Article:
Translation errors can, and do, creep into translated and localized materials at every step of the process. And, yes, translators are not the only source of errors -- Anyone involved in the project is a potential source of errors.

    However, one of the major causes of translation errors is invariably lack of, or poor, translation project management. Going back to that Real World Example, this project could well have been delivered within the 2 week delivery requirement, since it was not a particularly large project -- Instead, the project became bogged down with endless, and in my opinion, completely unnecessary, revisions.

    Implementation of a translation project management system would have:

    1. Ensured adequate planning
      In an undertaking as complex as translation and localization (especially on a global level), adequate planning is essential for achieving successful project completion. (Surprised? That’s right -- Without trying to aggrandize my profession, translation and localization is NOT a trivial matter, or an after thought to more “important” processes if you will.)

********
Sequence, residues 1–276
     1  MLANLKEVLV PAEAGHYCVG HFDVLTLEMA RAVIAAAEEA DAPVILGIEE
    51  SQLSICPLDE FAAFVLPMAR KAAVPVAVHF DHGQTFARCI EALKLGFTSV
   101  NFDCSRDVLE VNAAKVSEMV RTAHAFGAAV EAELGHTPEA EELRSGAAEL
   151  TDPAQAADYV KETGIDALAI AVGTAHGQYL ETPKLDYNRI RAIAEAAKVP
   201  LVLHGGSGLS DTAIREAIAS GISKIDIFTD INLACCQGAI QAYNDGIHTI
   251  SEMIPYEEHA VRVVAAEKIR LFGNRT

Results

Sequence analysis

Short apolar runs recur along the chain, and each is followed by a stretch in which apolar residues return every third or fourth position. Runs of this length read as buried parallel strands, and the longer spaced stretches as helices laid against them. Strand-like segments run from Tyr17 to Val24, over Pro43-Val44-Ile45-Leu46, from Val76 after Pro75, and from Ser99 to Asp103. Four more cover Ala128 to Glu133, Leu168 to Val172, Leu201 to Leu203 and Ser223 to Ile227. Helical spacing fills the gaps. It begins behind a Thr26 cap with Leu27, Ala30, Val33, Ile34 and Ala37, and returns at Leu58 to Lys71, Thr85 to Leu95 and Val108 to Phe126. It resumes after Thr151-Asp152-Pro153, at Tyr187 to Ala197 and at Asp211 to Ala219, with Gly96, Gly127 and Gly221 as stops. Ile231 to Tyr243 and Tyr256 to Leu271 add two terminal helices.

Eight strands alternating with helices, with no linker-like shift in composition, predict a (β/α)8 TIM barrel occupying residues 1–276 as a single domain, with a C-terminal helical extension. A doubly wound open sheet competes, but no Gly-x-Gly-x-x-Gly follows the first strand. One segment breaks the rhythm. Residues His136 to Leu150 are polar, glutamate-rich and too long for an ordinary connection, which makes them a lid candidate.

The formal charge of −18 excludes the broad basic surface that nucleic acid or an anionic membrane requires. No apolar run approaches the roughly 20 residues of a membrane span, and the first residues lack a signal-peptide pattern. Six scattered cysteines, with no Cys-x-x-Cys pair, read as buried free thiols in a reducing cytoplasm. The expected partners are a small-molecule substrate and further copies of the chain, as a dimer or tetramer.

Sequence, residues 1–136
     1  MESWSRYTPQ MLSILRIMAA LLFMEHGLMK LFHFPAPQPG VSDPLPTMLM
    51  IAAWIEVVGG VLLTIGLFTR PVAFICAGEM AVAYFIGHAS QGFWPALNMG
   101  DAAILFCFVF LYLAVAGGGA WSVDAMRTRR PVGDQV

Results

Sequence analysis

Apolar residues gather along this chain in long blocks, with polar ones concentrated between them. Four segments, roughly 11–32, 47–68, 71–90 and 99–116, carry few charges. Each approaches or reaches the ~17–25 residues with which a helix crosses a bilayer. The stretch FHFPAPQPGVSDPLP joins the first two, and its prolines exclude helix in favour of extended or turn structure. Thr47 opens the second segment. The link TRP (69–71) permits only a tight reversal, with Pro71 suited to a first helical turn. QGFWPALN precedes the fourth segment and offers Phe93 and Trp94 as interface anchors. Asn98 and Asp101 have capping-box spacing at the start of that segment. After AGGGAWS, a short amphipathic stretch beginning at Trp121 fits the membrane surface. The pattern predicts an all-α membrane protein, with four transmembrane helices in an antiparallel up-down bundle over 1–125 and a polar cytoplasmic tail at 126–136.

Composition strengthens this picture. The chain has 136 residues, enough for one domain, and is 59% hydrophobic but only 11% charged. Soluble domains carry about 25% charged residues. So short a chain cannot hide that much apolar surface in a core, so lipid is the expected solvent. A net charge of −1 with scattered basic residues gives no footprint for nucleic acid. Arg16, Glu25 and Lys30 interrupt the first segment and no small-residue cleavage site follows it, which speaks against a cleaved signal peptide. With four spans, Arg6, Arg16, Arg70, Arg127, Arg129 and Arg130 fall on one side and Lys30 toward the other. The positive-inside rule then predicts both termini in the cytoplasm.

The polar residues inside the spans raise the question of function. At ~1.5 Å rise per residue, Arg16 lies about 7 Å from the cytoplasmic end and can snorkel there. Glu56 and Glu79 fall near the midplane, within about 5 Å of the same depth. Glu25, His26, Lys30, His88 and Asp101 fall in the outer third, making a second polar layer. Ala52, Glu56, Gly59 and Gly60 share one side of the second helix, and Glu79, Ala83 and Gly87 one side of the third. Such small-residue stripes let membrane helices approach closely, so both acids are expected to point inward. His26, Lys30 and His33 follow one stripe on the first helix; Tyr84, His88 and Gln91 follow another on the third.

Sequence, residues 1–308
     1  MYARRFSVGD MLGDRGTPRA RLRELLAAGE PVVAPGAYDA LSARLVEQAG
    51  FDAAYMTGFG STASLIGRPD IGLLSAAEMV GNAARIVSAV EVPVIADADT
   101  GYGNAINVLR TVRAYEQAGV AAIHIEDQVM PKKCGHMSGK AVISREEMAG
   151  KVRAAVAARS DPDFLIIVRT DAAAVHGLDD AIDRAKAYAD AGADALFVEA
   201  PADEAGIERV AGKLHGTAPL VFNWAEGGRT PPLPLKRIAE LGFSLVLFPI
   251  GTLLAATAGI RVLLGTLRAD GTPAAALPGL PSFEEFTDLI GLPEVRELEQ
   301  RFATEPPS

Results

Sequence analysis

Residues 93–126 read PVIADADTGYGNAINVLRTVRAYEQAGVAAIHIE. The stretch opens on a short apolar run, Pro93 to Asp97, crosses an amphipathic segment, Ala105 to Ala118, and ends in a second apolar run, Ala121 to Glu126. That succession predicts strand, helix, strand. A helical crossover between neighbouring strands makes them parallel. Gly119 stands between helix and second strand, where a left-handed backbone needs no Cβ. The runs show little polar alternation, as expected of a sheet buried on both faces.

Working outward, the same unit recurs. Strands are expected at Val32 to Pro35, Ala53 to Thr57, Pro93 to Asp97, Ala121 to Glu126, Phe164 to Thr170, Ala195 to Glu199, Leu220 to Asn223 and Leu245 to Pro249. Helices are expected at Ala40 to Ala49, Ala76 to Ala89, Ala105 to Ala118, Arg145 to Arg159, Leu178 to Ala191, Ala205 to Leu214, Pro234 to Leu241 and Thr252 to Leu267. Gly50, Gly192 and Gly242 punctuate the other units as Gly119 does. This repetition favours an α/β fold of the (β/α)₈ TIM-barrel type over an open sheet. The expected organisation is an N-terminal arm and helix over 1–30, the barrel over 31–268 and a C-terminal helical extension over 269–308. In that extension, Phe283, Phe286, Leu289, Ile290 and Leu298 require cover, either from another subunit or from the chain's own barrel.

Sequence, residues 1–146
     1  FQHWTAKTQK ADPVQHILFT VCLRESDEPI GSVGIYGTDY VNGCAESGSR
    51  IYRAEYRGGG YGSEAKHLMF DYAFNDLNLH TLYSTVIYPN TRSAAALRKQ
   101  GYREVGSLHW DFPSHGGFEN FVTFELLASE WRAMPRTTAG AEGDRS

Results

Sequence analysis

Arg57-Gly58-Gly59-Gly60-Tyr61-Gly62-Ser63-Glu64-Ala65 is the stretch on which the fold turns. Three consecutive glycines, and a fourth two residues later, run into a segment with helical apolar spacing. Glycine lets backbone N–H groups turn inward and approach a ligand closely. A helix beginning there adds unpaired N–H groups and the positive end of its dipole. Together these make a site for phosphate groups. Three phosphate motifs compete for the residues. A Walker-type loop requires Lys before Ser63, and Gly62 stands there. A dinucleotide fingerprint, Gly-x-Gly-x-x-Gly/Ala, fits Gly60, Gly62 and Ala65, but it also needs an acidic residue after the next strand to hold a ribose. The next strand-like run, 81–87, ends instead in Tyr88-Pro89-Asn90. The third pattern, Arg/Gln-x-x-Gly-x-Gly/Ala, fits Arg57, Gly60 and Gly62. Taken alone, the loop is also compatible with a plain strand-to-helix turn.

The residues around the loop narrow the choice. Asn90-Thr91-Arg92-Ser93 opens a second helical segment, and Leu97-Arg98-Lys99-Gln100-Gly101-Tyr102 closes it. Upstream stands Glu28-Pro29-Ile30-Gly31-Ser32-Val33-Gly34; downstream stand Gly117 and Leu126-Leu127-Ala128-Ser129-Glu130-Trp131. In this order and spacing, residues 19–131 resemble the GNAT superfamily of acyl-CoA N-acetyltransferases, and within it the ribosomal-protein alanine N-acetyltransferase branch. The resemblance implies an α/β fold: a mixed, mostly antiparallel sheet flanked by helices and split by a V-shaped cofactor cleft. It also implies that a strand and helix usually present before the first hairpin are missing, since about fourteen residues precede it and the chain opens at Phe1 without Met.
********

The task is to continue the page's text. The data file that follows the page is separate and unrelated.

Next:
2. Ensured appropriate resources
      While “resources” can apply to just about anything required for successful project completion, here I specifically refer to personnel. Qualified personnel are the linchpin in any project because they can keep, or even bring back, a project on track. A project management system is essential to assign the right personnel to the right task.
    3. Ensured accurate communication
      Tracking communications with a project management system would have eliminated miscommunications and the resulting problems of mistrust between the various project stakeholders that ensued.
    4. Ensured quality control
      This was essentially the root cause of all problems in this project. Applying in-house quality controls via a project management system would have ensured that service providers received the finalized copy of materials for translation, thus completely eliminating the need for endless revisions that eventually lead to project melt down.
    5. Minimized project costs
      No matter how you rationalize it, a 2 week project that runs for nearly 6 months is going to cost a whole lot more than budgeted for. More importantly, and what is often not recognized, are the hidden costs of a project that runs off track. For example, since your staff is tied up with the current project, they are unable to continue with other pressing projects -- A contagion effect of slipped deadlines develops leading to costs piling up.